Keynote: Advances in Mixture Modeling
After a brief overview of the many uses of finite mixture modeling, applications of new mixture modeling developments are discussed. One major development goes beyond the conventional mixture of normal distributions to allow mixtures with flexible non-normal distributions. This has interesting applications to cluster analysis, factor analysis, SEM, and growth modeling. The talk focuses on applications of Growth Mixture Modeling for continuous outcomes that are skewed. Examples are drawn from national longitudinal surveys of BMI as well as twin studies. Extensions of this modeling to the joint study of survival and non-ignorable dropout are also discussed.
Keynote: Simple methods for handling non-randomly missing data– Sophia Rabe-Hesketh and Anders Skrondal
In multiple linear or logistic regression, multiple imputation has become increasingly popular for handling missing covariate values. The much simpler approach of listwise deletion or complete-caseanalysis is often dismissed as making overly strong assumptions. However, I will point out that complete-case analysis is consistent and performs better than multiple imputation for many types of non-random missingness mechanisms. In longitudinal data analysis, dropout or intermittently missing responses are typically dealt with by specifying a joint model for the responses, such as a growth-curve/hierarchical/multilevel model, and estimating the parameters by maximum likelihood. This approach is consistent if missingness of a response depends on observed responses for the same individual but not if if it depends on the response itself or on the random effects in the model. One way of handling such non-random missingness is to model missingness jointly with the response variable of interest, but these joint models are complex, require specialized software, and make unverifiable assumptions. I will suggest simple fixed-effects approaches that are consistent if missingness depends on the random effects and, in the case of binary responses, if missingness depends on the response itself or previous (observed or unobserved) responses.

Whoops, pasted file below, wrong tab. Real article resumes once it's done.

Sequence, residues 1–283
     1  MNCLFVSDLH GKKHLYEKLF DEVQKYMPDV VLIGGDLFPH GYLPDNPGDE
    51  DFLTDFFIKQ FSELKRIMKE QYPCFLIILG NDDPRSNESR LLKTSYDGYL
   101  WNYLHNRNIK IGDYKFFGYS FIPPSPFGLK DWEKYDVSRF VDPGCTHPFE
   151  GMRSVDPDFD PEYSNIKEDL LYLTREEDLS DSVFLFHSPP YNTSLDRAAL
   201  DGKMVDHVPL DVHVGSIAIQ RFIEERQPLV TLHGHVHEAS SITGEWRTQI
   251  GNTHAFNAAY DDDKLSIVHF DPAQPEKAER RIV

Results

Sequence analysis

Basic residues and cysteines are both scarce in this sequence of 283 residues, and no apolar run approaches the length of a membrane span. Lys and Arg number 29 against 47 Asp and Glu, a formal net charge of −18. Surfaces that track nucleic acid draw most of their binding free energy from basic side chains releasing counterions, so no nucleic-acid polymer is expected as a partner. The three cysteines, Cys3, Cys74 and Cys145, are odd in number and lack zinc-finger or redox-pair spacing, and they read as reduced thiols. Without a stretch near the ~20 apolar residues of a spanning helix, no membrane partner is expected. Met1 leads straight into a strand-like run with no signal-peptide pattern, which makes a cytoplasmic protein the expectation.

The principal focus of Dr. Robins’ research has been the development of analytic methods appropriate for drawing causal inferences from complex observational and randomized studies with time-varying exposures or treatments.
Edward Vytlacil received his PhD in Economics from the University of Chicago in 2000. He is currently a Professor of Economics at New York University, having previously been a faculty member at Stanford University, Columbia University, and Yale University. He is a Co-Editor of the Journal of Applied Econometrics, and an Associate Editor for Econometrica and the Journal of Econometrics.
Keynote: Accounting for Individual Heterogeneity in Treatment Effect Analysis